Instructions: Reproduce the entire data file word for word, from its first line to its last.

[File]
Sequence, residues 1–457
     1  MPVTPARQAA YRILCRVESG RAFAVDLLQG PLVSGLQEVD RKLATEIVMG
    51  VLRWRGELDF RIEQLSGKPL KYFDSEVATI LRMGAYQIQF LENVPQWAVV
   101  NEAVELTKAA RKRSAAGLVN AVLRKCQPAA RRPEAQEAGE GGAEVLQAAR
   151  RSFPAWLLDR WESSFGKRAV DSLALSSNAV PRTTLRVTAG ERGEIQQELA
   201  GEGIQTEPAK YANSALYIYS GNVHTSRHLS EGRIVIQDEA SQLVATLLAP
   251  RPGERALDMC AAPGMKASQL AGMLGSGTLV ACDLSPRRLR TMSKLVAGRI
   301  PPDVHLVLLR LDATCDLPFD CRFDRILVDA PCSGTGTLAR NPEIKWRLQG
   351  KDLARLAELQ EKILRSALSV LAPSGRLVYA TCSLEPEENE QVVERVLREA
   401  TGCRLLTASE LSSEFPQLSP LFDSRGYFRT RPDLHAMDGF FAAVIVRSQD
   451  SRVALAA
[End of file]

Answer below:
Sequence, residues 1–457
     1  MPVTPARQAA YRILCRVESG RAFAVDLLQG PLVSGLQEVD RKLATEIVMG
    51  VLRWRGELDF RIEQLSGKPL KYFDSEVATI LRMGAYQIQF LENVPQWAVV
   101  NEAVELTKAA RKRSAAGLVN AVLRKCQPAA RRPEAQEAGE GGAEVLQAAR
   151  RSFPAWLLDR WESSFGKRAV DSLALSSNAV PRTTLRVTAG ERGEIQQELA
   201  GEGIQTEPAK YANSALYIYS GNVHTSRHLS EGRIVIQDEA SQLVATLLAP
   251  RPGERALDMC AAPGMKASQL AGMLGSGTLV ACDLSPRRLR TMSKLVAGRI
   301  PPDVHLVLLR LDATCDLPFD CRFDRILVDA PCSGTGTLAR NPEIKWRLQG
   351  KDLARLAELQ EKILRSALSV LAPSGRLVYA TCSLEPEENE QVVERVLREA
   401  TGCRLLTASE LSSEFPQLSP LFDSRGYFRT RPDLHAMDGF FAAVIVRSQD
   451  SRVALAA